Rep. Charlie Dent spec­u­lated to the cause for Mc­Carthy’s sud­den de­cision, say­ing: “It was pretty simple ac­tu­ally. Kev­in had a strong ma­jor­ity of votes among the Re­pub­lic­an mem­bers to be­come the next speak­er. It’s pretty ob­vi­ous he didn’t have 218 votes … and had this gone to the floor, I think there was great con­cern that maybe he couldn’t get 218 votes, and it would have been ob­vi­ously em­bar­rass­ing to not be elec­ted speak­er.”

“Be­fore John Boehner stepped down, I said, if John Boehner steps down, the same people who were try­ing to take John Boehner down will try to frag the next guy,” Dent said. “Well, that is just what happened.” When asked who Boehner al­lies would now sup­port, Rep. Pat Tiberi threw up his arms.

Rep. Rooney, a Mc­Carthy sup­port­er, said he ap­proached the ma­jor­ity lead­er after his de­cision and said he would have taken heat for vot­ing for him. “That’s what I just told Mc­Carthy in there, you know, ‘I would’ve taken the ar­rows for you. I already have,’” he said. “He’s ob­vi­ously put the party ahead of him­self, I guess. I just don’t know where we go from here.”

There has been some im­me­di­ate sup­port for Mc­Carthy’s de­cision though among Re­pub­lic­ans. “This was ex­actly what John Boehner did. He put the in­terests of the party, of the Con­gress, and the na­tion ahead of his own per­son­al in­terests. It was an hon­or­able thing that Kev­in did. I think he re­cog­nized that he had no path to get to 218 votes on the House floor, and leav­ing here with the nom­in­a­tion based just on 51 per­cent and hav­ing two weeks to try un­suc­cess­fully to get to 218 on the House floor was something he didn’t want to put his party through. I think he made the right de­cision,” said Rep. Dav­id Jolly.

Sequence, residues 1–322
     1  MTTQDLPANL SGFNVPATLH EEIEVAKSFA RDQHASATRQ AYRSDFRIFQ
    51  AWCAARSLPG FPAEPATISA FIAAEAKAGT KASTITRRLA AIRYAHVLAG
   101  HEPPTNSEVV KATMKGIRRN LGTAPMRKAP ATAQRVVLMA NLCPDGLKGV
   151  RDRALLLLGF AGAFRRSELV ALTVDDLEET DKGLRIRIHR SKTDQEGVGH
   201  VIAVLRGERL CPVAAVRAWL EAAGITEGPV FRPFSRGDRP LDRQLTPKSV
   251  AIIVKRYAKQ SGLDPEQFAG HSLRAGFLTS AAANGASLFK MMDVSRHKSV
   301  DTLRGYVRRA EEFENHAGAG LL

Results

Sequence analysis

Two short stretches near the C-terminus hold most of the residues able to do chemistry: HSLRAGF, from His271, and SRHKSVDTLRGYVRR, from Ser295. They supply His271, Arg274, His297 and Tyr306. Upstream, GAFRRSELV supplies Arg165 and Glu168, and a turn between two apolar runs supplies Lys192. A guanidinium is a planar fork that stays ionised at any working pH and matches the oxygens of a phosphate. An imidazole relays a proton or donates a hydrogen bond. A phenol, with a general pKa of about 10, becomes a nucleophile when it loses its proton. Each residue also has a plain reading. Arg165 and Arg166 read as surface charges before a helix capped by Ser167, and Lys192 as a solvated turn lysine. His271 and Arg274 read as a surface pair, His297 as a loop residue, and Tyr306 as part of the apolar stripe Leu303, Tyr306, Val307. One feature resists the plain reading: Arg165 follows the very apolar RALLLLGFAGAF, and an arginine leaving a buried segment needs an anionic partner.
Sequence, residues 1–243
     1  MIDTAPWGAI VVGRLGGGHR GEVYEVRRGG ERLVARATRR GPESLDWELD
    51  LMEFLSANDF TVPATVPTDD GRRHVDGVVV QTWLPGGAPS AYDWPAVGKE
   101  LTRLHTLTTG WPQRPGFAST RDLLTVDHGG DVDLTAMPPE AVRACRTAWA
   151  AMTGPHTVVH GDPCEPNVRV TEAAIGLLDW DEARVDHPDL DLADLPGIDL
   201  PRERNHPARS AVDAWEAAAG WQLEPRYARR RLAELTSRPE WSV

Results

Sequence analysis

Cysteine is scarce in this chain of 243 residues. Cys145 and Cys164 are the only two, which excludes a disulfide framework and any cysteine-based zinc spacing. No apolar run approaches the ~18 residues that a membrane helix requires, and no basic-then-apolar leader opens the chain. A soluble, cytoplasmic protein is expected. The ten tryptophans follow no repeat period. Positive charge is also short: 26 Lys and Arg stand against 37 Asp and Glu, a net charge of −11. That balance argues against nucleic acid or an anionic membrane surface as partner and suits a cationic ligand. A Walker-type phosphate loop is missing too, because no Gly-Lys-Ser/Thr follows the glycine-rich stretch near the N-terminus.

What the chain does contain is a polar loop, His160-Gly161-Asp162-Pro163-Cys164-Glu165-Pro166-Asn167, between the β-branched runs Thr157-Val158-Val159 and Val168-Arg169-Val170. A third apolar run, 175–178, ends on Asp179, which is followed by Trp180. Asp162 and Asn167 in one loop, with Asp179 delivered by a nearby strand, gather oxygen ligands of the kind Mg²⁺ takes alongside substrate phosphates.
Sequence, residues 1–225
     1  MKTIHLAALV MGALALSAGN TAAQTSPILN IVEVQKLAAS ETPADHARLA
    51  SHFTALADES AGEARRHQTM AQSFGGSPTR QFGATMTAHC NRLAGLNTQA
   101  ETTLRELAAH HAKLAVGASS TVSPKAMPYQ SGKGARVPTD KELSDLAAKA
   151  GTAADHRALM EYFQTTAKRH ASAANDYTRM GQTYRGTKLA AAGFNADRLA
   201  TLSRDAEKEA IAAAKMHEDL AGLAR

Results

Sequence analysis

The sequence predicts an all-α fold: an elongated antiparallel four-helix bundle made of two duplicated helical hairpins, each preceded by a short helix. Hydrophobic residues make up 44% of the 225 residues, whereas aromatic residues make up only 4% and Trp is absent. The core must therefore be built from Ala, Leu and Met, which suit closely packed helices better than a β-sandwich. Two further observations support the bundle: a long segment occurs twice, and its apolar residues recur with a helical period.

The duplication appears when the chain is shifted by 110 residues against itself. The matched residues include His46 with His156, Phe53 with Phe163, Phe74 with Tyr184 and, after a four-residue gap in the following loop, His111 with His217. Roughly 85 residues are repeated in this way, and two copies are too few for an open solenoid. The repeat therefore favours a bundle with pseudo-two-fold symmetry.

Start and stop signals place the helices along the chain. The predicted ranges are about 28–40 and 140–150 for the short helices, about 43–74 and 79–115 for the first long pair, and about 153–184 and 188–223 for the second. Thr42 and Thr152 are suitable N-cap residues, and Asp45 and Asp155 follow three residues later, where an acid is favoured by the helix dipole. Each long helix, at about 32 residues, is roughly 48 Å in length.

Rep. Dana Rohra­bach­er, who had been crit­ic­al of Mc­Carthy last week, said Mc­Carthy was “cour­ageous” for step­ping out of the race: “This is a ter­rif­ic thing for the party. This opens the whole party.” 

Rep. Steve King said Mc­Carthy’s de­cision was “noble,” and he plans to con­tin­ue to sup­port Rep. Daniel Web­ster for speak­er. Rep. Louie Gohmert also said he planned to stay be­hind Web­ster. Web­ster, for his part, said he had been “99 per­cent sure” Mc­Carthy would win. “I was shocked,” he said. Web­ster says he’ll con­tin­ue his cam­paign for the gavel.

The House Free­dom Caucus called an emer­gency meet­ing dir­ectly after the an­nounce­ment. Rep. Mick Mul­vaney said he spoke with Mc­Carthy 20 minutes be­fore the elec­tion was to oc­cur, and Mc­Carthy was look­ing for HFC Chair­man Jim Jordan. But he said the group isn’t claim­ing an­oth­er scalp as they have with Boehner’s resig­na­tion. “I don’t take it as a vic­tory,” he said. But when asked how to move for­ward, he said there are a couple pos­sib­il­it­ies: “We could start talk­ing now about a care­taker. We could talk about someone in the cen­ter who could be ac­cept­able to both sides. We might talk about some­body who is an in­sti­tu­tion­al­ist, like Web­ster.”

Rep. Tim Huel­skamp, a vo­cal op­pon­ent of the cur­rent GOP lead­er­ship, though, de­clared a vic­tory of sorts on MS­N­BC. “This lead­er­ship has lost,” Huel­skamp said. “They have es­sen­tially lost two speak­ers in two weeks.”

“This is re­mark­ably sim­il­ar to the Gin­grich-Liv­ing­ston-Hastert situ­ation of about 20 years ago,” Jolly said. “Where the way we ended up with a Speak­er Hastert is be­cause the caucus got thrown in­to such dis­ar­ray that we had to build con­sensus be­hind closed doors. And that’s what we should have done. We should’ve been work­ing today to get to 218 as a fam­ily be­hind closed doors be­fore risk­ing a loss on the House floor.”

This story is break­ing and will be up­dated. Cor­rec­tion: An earli­er ver­sion of this story misid­en­ti­fied Rep. Ry­an Cos­tello, R-Penn.

Lauren Fox, Daniel Newhauser, Alex Brown, Alex Rogers, Clare Foran, Brian Resnick and Ben Geman contributed to this article.